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[14] As for epithets, they may be applied from what is vile or disgraceful, for instance, “the matricide,” or from what is more honorable, for instance, “the avenger of his father.”1 When the winner in a mule-race offered Simonides a small sum, he refused to write an ode, as if he thought it beneath him to write on half-asses; but when he gave him a sufficient amount, he wrote, “ Hail, daughters of storm-footed steeds!2

” and yet they were also the daughters of asses. Further, the use of diminutives amounts to the same.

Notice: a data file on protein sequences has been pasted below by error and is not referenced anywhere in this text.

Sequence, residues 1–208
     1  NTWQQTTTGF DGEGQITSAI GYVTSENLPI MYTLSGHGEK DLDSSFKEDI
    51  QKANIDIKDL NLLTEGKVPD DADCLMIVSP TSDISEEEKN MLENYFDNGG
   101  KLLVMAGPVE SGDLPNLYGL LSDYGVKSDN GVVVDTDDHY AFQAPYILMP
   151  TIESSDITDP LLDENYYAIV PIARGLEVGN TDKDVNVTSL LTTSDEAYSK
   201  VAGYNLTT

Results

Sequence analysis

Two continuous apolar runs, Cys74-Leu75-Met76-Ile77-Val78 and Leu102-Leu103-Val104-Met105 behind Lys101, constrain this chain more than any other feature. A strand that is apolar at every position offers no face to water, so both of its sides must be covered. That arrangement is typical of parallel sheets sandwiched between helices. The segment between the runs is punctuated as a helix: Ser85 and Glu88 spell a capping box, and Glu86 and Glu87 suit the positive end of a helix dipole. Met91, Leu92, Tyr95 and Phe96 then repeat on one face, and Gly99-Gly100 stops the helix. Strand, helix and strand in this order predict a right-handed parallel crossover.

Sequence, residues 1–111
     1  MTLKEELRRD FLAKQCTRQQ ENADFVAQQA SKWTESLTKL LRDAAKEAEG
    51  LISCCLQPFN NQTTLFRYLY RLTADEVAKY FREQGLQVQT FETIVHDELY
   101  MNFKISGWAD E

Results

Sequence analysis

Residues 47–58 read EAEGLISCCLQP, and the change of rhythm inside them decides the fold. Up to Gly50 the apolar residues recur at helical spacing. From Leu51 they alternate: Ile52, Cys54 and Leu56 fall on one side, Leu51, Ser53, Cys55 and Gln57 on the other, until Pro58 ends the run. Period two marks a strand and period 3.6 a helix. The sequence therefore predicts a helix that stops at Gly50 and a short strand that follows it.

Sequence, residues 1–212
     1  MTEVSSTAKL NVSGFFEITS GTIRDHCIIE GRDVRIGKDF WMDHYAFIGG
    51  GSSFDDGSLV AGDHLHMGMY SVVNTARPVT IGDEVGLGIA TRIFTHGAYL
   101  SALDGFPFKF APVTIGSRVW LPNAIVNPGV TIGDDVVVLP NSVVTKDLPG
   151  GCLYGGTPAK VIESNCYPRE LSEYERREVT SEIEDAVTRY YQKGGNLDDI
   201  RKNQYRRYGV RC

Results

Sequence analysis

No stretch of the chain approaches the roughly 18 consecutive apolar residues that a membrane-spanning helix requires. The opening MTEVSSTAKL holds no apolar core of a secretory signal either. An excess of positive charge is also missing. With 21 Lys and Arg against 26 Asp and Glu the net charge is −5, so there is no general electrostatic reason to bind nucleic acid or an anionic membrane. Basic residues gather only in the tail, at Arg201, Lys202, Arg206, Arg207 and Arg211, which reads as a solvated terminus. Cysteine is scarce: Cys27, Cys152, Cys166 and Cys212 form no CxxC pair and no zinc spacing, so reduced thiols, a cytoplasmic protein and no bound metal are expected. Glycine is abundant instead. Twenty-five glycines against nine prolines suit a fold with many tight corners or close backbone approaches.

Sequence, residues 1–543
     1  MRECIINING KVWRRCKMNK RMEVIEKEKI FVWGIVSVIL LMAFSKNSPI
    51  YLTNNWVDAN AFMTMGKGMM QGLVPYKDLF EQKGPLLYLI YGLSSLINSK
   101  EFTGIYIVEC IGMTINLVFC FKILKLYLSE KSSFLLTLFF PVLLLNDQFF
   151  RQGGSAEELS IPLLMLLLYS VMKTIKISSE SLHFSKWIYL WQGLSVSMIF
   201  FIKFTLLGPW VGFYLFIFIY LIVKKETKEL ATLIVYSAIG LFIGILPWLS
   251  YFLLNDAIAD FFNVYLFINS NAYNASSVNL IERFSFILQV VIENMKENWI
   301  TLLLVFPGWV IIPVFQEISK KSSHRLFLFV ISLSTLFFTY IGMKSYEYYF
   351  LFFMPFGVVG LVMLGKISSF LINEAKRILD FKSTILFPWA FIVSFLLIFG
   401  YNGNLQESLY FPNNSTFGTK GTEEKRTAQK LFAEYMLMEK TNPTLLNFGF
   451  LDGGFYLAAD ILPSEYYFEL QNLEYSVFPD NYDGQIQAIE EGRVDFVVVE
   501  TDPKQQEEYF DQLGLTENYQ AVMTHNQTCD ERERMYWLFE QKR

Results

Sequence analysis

1 Eur. Orest. 1588. In the preceding line Menelaus accuses Orestes as a matricide and ready to heap murder on murder, to which Orestes replies, you should rather call me the avenger of my father Agamemnon, who had been murdered by his wife Clytaemnestra, the mother of Orestes. “Matricide” and “avenger of his father” show the good and bad sides of the deed of Orestes.

2 Frag. 7 (P.L.G. 3, p. 39O). The winner of the mule race was Anaxilaus of Rhegium.

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